But, test it for yourself. When I first gave up sugar, I needed to eat small, protein-packed meals every 2-3 hours.
Balance — Eat balanced meals and snacks. A balanced meal, says Duggan, has a combination of protein, healthy fat, and complex carbohydrates. This combo will keep your blood sugar steady, helping you to feel satiated. (To learn more about how to create this healthy balance, you can read my post, Best Tip for Healthy Snacking.)
Don’t Get Dehydrated — “People often confuse thirst with hunger,” says Duggan. Her recommended intake? About 1/2 ounce per pound of body weight. So, for a 150 person, that’s 75 ounces per day.
2. Taper Off Slowly
Once you’ve got your basic strategy in place, you can get tactical about your sugar intake. I’m of the belief that it’s better to wean yourself slowly. For example, you can cut down on one sugary habit per week, like putting sugar in your coffee or starting your day with a sugary yogurt. Like yoga, going slowly helps you get to know yourself better: You can really feel what a small change does to your energy and mood. You can start recognize your habits, your challenges, and from there you can keep strategizing.
3. Learn to Read Labels
When you pay attention to labels, you may be shocked by which foods have hidden sources of sugar – ketchup, breads, soups, tomato sauce, granola, and salad dressings are just a few offenders.
Any item that lists any form of sugar in the first few ingredients or has more than 4 grams of sugar is a no-go. (These are all ingredients to look for: high fructose corn syrup, brown rice syrup, evaporated cane juice, glucose, malt syrup, molasses, lactose, sucrose, dextrose.)
4. Eat Whole Foods
It’s easier to avoid added sugars if you stick with the basics: fruits, veggies, and complex carbs that are loaded with fiber and will keep you full; proteins that will help keep your blood sugar steady.
5. Trade Bitter for Sweet
Bitter foods have compounds in them that make them healthy (flavonoids, carotenoids, or polyphenols). Americans tends to be stuck on the salty to sweet pendulum. But bitter foods can expand your palate and help you appreciate different foods. Anytime I have a sugar craving I take heed: I have olives, some almond milk with turmeric and cinnamon, or I make a dinner with some delicious bitter greens. I try to keep my food interesting and adventurous.
6. Have Healthy “Treats” On Hand
The last thing you want is for food to be a bummer and to feel deprived. Having some healthy treats on hand can be helpful as you’re weaning or if you know you’re going party hopping and you want to avoid mindless sweets.
This past year I have become very creative in the kitchen with some major fails but successes, too. I’ve learned to make killer almond flour muffins, beet brownies, sugar cookies without sugar, and I’m working on a chai pound cake. I use grade B maple syrup in moderation in these instances because it’s rich in minerals. But there is some evidence that even sugar substitutes create more sugar cravings, so I try to be modest.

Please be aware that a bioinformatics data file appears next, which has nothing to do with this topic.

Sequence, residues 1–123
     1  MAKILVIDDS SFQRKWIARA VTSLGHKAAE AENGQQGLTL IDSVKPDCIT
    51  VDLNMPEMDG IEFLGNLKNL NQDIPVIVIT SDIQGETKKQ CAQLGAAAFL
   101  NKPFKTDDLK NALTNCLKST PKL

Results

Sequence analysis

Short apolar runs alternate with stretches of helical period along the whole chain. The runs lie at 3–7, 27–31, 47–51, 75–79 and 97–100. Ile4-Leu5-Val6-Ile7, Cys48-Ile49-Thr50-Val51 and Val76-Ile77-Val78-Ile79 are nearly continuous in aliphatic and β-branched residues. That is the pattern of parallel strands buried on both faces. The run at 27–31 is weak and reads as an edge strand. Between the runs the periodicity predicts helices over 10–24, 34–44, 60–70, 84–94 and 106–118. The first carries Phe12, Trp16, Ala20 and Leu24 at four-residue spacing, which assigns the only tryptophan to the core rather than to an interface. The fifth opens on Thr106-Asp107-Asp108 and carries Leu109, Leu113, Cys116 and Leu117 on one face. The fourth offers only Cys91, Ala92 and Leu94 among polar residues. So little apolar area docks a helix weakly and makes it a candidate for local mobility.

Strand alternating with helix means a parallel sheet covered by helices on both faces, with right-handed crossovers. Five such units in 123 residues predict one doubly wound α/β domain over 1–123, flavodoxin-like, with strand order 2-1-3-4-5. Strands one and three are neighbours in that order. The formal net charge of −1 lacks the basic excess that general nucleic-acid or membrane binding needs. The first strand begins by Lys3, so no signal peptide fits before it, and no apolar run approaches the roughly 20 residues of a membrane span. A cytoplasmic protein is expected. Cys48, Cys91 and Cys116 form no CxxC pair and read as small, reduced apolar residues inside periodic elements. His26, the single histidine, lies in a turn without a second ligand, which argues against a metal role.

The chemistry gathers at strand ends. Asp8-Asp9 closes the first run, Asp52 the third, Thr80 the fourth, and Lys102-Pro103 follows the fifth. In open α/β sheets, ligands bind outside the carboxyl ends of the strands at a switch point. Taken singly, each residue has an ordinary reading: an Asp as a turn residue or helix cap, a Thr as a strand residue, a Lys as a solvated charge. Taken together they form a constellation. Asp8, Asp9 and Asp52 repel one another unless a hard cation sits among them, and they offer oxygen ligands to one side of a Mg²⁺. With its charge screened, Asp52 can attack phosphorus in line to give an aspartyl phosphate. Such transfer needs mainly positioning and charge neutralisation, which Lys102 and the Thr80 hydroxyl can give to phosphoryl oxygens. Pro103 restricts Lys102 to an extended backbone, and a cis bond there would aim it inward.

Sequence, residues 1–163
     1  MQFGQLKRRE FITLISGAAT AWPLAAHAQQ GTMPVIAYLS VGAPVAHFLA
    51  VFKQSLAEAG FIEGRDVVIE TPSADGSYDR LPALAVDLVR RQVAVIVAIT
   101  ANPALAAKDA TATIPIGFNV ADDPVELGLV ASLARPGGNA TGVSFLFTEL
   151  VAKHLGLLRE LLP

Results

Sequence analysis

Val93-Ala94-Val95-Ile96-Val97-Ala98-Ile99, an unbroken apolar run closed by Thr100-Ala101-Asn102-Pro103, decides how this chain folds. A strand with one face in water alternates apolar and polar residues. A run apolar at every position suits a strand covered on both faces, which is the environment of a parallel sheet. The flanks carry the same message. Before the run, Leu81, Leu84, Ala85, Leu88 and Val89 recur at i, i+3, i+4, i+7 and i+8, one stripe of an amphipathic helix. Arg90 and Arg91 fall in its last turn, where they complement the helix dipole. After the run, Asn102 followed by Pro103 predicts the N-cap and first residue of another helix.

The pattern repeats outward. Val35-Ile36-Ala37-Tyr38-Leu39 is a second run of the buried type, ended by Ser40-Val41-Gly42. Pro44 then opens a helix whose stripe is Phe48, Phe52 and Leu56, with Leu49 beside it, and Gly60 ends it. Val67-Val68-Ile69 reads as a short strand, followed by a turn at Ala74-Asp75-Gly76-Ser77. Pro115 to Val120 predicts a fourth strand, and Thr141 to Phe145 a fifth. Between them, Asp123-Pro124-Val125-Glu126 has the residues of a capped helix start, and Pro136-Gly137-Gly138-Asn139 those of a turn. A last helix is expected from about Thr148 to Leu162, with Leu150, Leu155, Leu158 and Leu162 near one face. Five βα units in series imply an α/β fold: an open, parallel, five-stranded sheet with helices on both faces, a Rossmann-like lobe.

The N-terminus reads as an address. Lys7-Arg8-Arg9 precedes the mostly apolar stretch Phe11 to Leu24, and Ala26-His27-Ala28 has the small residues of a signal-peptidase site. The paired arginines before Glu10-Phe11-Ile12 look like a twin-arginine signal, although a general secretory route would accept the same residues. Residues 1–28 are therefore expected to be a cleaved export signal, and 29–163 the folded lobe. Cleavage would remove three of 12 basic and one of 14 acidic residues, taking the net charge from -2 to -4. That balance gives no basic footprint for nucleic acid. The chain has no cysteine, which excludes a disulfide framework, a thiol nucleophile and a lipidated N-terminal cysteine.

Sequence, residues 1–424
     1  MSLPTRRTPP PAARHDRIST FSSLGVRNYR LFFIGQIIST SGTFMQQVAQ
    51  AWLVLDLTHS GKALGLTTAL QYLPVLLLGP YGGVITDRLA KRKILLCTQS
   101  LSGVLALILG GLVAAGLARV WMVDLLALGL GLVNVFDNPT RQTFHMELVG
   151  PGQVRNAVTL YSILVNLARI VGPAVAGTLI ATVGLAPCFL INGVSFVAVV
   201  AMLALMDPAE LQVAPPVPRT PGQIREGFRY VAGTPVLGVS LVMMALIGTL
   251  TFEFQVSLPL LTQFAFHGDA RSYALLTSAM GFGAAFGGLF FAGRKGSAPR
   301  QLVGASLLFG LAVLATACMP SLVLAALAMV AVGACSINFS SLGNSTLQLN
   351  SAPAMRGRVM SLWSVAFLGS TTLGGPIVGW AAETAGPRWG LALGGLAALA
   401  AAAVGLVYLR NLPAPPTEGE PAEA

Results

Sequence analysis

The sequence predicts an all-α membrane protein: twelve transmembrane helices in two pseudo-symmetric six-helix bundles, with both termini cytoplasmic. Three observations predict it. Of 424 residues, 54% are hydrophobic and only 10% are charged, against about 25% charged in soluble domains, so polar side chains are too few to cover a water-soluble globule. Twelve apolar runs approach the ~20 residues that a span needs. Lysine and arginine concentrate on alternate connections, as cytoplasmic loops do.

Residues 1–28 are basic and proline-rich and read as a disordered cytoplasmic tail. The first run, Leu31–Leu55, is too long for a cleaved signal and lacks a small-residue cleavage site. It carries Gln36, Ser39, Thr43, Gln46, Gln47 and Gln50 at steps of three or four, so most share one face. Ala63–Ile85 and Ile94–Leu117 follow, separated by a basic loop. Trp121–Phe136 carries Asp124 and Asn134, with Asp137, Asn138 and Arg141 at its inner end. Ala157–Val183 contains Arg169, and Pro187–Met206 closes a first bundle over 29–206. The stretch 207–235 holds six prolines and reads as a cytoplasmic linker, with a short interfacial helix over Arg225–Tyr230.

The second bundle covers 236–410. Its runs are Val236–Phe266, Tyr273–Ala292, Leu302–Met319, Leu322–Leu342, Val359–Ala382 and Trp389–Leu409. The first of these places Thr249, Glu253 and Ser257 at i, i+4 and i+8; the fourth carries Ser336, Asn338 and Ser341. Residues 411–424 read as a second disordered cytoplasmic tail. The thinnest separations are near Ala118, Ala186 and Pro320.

7. Don’t Try to Be Perfect. Find Your Perfect Balance.
Is pumpkin pie your favorite dessert that you look forward to all year long? Then have some pumpkin pie! Did your kid’s ice cream cone nearly fall to the ground and you just had to give it a few licks? Look, you were just doing your job. What I’m trying to say is that it’s important to maintain a sense of humor about all of this. Do the best you can and don’t beat yourself up over the small – or even the large — missteps. Food is fuel, but it’s also social. It’s a way for people to commune and share time together. If you want to indulge from time to time, my philosophy is that’s OK.
What’s important to me is that I make conscious choices about what I’m eating – that I’m not sucked into a daily abyss by my cravings. If you feel like you’ve gone over the edge for a day or a week, reel it back in and ask yourself, “Why am I doing this?” (Answer: To feel great!) “What do I have to do to find my perfect balance?” (Answer: Keep watching, keep breathing, keep tweaking along the way.)
8. Eat More Fat
I’m adding a tip that I’ve experimented with since I first published this post over on drishtiyoga.com. It’s simple: Make sure you’re getting adequate healthy fats in your diet. Healthy fats are satiating and they keep you full. I notice that I feel better physically and mentally when I have them — instead of feeling deprived from eating sugar, I feel like I get to indulge a bit in a way that’s healthy for me. To learn more about healthy fats, read the interview I did with nutritionist and chef Rebecca Katz, where we talked about “ancient oils,” feeding your brain, and why full-fat is better than low-fat milk.
My most memorable and doable resolution for 2016 has been to eat more fat. Yes, you read that right: Eat. More. Fat. Decades ago, fat became the villain of the America diet and carbs were king. Now the low-fat approach to eating is being blamed for the rise of processed carbohydrates and high-sugar foods — think sweetened low-fat yogurts and splenda-sweetened Starbucks bevvies.